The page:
Escaping Death: On Ritual and Photography


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In January 1981, Francesca Woodman jumped out of a window in New York. The 22-year-old photographer had just completed a body of work comprised essentially of self-portraits, and in the 35 years since her death, interest in her work has only increased, having been exhibited, discussed and researched widely. Francesca Woodman haunts us, still, through her nude self-portraits.

Over the years, there has been much discussion about whether it’s appropriate to try to understand Woodman’s work through her suicide, though it’s hard not to think about it when looking at her photographs. She staged scenes of herself in derelict spaces, moving confidently, playing with shadow and long exposures, turning into a ghost, a spirit evoked only through photography. Just like with any suicidal rock star or poet, her death has bestowed her work with a morbid allure. Her photographs have become so iconic that I like to think of her as the patron saint of the contemporary ritual of self-portraiture.

Possibly, the root of all rituals is to keep death at bay.

We don’t perform as many rituals as in the past, and the word ‘ritual’ is now often used as an elegant synonym for ‘habit’ (the morning ritual, the beauty ritual, my coffee ritual). Historically, the purpose of rituals has been propitiatory, a way of acknowledging the existence and influence of gods, in order to ensure their favour. Through ritual, we may request good fortune during an upcoming battle or favourable outcomes with regards to fertility, the harvest or the weather. Possibly, the root of all rituals is to keep death at bay.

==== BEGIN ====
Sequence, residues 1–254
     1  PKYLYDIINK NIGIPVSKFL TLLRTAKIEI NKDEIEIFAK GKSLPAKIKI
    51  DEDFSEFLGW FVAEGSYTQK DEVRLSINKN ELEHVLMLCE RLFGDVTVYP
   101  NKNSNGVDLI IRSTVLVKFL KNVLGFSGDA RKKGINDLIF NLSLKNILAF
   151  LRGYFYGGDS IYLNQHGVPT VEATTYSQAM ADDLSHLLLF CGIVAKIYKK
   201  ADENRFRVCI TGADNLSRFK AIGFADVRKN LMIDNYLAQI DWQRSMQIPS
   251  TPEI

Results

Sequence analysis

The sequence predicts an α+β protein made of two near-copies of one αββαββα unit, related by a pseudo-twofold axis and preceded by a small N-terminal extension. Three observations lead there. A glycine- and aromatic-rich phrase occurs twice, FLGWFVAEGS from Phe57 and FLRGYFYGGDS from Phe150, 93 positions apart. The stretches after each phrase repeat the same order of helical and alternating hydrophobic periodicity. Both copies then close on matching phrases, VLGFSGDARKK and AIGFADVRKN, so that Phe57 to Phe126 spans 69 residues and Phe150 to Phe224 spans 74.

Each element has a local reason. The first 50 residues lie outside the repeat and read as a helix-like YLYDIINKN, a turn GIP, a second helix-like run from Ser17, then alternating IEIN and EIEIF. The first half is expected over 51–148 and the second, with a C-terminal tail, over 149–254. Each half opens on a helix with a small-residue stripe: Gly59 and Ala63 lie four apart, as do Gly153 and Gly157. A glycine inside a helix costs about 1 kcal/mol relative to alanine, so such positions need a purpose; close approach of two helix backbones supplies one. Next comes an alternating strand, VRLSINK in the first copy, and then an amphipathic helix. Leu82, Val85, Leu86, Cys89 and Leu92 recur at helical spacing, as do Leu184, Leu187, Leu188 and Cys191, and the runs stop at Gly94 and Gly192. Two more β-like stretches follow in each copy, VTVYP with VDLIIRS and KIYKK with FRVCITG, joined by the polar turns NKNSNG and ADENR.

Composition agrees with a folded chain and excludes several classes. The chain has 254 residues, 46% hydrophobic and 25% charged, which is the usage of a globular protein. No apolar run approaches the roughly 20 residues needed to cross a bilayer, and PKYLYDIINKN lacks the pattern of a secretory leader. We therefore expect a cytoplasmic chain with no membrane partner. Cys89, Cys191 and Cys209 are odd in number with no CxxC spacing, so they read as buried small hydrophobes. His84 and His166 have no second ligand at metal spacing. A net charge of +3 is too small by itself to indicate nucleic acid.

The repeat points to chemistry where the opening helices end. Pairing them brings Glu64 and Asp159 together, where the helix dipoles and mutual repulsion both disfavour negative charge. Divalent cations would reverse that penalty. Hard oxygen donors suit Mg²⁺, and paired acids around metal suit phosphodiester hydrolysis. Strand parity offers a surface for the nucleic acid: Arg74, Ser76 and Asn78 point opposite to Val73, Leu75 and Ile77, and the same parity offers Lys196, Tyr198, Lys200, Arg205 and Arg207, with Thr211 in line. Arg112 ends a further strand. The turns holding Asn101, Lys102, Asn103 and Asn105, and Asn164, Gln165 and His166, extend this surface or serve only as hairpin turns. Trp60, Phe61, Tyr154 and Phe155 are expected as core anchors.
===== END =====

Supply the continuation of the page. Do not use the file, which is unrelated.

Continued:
Photography has a long relationship with death, because of its function of fixing in place something that would otherwise eventually disappear. As Susan Sontag famously said, “All photographs are memento mori.” Isn’t photography then the perfect tool to, at least figuratively, keep death at bay? In this case, the very act of recording one’s own image with such a powerful tool is a sort of propitiatory ritual.

The setting and the timing for a self-portrait, as with a ritual, is decisive. Prayers will be performed either in a temple or somewhere suitably sacred. Shall we rent a studio or will we take the self-portraits at home? The right costume is also important: getting married in jeans is just as symbolic a statement as deciding to take a nude self-portrait or cover one’s face with a mask in a picture. Then, needless to say, for both rituals and photography, light is crucial. Should we sit in a dark room, lit only by a candle, wait for dusk’s solemn shadows or let natural light shine in through the windows?

While for some cultures, to take a photograph is to take the subject’s soul, for an aspiring self-portraitist that might actually be what’s so appealing about the practice: to take one’s soul out, whether as an idealised or accurate representation of self, fix it in a photograph, and give it a life to lead of its own. The motivations to explore the relationship between ourselves and our image can be various, but the pursuit of an understanding of identity has been a part of our humanity for a long time. Think of the myth of Narcissus, for whom getting to know his own image meant knowing his destiny.

We will never know precisely what Francesca’s motivations were in her self-portrait rituals, but the ghosts she evoked with her practice are still among us, communicating to us about the lives they are still living. Professor Stefano Ferrari, who teaches psychology of art at the University of Bologna, stated: ”The self portrait is a way that humanity has to confront the fear of death, particularly of one’s own death. If there’s a doppelgänger who can survive us, death seems less scary”.



Escaping Death: On Ritual and Photography was published in GUP#51, the Rituals issue. Images are from Alena Zhandarova's series of self-portraits, Puree with a Taste of Triangles.


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